This is a gravitational study so every form of mass is already accounted for. The supermassive black hole is only 4 x 10^6 solar masses anyway. It's like worrying about the impact of a flea on the weight of an elephant.

Does Dark Matter really exist? (1)

Martin S. (98249) | about 3 months ago | (#47567881)

While it has been widely accepted in recent years that Dark Matter fixes the standard model. Increasing problems suggest that Dark Matter might not actually exist [dailygalaxy.com] .

Re:Does Dark Matter really exist? (0)

Anonymous Coward | about 3 months ago | (#47570409)

I read that article. There's nothing new there. It says that this physicist believes that Einstein's equations are wrong or that our understanding of gravity is flawed. Since the moment we first measured the rotational speeds of nearby galaxies, plugged the numbers into general relativity and noticed a vast difference between the expected result and the observed result, the possibility that Einstein's theory is as flawed as Newton's has been on the table. Unfortunately, no one's come up with anything better. String theory was hoped to do the job but it's incomplete and, so far, completely untestable. The study of theoretical physics, these days, is all about improving on Einstein.

There are only two possibilities. Either most of the mass in the universe is completely invisible and unable to be interacted with or Einstein's formula is merely a good approximation on the nature of gravity at really large distances but falls apart when you start dealing with the huge distances and/or masses at the galactic scale. While it seems more likely that Einstein is flawed his formulas work so very well for everything else and, in fact, work just fine when you treat dark matter as particles with mass but none of the other characteristics of matter.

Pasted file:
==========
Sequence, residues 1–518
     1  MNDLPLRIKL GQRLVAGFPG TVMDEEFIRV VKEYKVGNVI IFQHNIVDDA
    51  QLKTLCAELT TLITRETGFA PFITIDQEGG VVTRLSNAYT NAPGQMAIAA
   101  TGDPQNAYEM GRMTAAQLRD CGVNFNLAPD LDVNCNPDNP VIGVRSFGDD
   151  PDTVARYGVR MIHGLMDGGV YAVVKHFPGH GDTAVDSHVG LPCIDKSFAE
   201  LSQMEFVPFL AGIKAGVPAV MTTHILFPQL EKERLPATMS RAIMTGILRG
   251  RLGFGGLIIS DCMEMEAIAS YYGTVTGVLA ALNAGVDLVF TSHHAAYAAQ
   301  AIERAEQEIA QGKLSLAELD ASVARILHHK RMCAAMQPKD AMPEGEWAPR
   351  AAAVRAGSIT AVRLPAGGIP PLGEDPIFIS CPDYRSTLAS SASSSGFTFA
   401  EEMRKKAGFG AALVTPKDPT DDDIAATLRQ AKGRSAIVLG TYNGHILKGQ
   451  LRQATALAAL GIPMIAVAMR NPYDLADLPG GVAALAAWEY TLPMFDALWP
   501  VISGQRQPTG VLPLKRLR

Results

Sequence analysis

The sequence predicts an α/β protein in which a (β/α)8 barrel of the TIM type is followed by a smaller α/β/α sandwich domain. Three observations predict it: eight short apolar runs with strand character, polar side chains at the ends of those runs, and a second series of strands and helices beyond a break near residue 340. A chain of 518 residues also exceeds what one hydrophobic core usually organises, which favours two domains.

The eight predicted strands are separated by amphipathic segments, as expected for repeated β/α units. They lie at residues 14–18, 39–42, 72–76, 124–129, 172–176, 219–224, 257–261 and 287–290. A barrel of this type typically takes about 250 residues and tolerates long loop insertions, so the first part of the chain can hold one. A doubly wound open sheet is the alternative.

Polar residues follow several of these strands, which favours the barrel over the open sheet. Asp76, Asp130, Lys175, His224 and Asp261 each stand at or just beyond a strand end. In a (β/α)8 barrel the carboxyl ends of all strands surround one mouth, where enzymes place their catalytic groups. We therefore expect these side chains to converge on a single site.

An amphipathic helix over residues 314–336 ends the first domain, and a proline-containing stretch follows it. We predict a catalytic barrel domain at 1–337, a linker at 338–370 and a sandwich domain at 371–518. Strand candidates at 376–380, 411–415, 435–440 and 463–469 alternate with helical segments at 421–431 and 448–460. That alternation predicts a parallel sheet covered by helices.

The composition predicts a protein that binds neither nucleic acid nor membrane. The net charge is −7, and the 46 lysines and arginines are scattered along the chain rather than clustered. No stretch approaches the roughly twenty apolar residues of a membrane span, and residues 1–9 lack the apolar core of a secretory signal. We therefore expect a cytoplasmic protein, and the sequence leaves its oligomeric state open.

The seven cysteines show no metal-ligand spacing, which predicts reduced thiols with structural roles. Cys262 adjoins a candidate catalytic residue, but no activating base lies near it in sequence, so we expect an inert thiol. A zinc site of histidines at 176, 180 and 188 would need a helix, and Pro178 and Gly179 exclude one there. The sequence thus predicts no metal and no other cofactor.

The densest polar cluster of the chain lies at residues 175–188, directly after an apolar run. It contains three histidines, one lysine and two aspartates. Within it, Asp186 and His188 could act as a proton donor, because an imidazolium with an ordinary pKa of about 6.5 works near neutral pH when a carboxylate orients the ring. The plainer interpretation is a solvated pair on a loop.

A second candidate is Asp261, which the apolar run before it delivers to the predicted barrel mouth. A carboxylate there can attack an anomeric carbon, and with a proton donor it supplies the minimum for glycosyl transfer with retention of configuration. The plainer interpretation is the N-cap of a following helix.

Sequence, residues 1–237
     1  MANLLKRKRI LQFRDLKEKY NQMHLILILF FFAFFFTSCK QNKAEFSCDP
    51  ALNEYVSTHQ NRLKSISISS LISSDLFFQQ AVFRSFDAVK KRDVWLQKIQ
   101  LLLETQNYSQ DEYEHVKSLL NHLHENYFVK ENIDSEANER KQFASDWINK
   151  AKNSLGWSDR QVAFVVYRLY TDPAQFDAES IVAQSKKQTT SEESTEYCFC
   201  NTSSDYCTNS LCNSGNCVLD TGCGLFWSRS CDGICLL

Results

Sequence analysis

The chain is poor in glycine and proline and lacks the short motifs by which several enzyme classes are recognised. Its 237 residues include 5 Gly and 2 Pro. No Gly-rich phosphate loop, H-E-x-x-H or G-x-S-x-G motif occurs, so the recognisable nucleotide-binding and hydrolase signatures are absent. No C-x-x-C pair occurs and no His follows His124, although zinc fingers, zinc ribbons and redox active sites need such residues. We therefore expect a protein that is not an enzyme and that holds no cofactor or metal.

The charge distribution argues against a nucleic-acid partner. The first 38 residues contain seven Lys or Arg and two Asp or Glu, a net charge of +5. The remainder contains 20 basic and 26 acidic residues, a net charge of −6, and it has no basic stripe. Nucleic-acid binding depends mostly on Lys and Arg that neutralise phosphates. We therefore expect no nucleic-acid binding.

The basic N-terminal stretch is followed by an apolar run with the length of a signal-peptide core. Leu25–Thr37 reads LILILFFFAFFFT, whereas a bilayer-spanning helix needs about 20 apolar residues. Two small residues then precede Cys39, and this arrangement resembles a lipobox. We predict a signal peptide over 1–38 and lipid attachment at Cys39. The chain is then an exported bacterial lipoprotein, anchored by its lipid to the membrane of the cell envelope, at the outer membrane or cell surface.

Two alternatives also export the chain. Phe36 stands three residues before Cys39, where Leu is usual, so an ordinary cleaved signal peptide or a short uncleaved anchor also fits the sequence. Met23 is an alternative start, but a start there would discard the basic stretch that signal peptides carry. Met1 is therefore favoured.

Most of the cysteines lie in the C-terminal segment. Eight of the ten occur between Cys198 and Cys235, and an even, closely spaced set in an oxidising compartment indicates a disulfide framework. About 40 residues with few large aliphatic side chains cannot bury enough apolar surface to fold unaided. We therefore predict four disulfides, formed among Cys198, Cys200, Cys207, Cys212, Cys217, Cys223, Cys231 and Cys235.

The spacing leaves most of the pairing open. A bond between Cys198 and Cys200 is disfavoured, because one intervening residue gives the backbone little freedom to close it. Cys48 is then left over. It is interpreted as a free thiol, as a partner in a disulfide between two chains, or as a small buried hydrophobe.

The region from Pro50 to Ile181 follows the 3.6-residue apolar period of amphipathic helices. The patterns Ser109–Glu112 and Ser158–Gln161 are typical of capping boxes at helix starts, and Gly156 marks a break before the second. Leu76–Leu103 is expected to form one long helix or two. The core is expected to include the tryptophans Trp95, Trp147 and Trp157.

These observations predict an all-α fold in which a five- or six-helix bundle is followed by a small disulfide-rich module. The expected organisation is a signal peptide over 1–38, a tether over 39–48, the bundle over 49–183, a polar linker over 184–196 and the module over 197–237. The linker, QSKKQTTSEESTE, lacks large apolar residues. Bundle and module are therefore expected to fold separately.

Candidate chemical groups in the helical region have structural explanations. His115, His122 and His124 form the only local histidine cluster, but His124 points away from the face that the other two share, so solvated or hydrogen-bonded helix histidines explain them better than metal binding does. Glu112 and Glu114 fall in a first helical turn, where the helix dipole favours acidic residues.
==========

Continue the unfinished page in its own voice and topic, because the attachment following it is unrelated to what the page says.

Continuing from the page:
This article doesn't provide any actual insight into what dark matter is. The physicist seems to think that our concept of gravity is wrong, which is possible, but if your going to make a claim like that you should at least have something else that does the job in the works.

Literally everything about humanity (0)

Anonymous Coward | about 3 months ago | (#47567885)

is much less than expected. You guys act like you are hot shit and you can't even leave your own gravity well as a species. You don't even have a base on your nearest astral body. Hell, you still fight over imaginary things like which religion is better. Humanity, get over yourself, you aren't that great.

Re:Literally everything about humanity (0)

Anonymous Coward | about 3 months ago | (#47568003)

Hey man, we have a condition! It's genetic!

Shouldn't That Be (0)

Anonymous Coward | about 3 months ago | (#47567903)

The Milky Way Is Thought To Be Much Less Massive Than Previous Thought

Gravity? How about magnetic fields?... (1)

Grow Old Timber (1071718) | about 3 months ago | (#47568543)

Helioshperes as well as our own Ionosphere (magnetic field) have shown that magnetism is a universal force to be reckoned with. Indeed gravity could be just a magnetic effect on an atomic scale. The more mass the more effect. Electrons pulsing in a atom synchronizing with identical atoms become a united energy. That's what holds things together. And what gravity is, basically. A united atomic force. Too simple? .

Re:Gravity? How about magnetic fields?... (0)

Anonymous Coward | about 3 months ago | (#47570467)

If a magnetic field was holding Jupiter in orbit or holding you to the ground it would be very detectable.

Kevin Sorbo will be pissed... (2)

Lumpy (12016) | about 3 months ago | (#47568629)

The commonwealth is a lot smaller than expected!

Yes, I went there.... Deal with my vast knowledge of really bad SciFi!

Re:Kevin Sorbo will be pissed... (2)

geekoid (135745) | about 3 months ago | (#47569941)

OTOH, Quark's garbage route will be shorter.

I saw your bad SCI-F, and raised you :)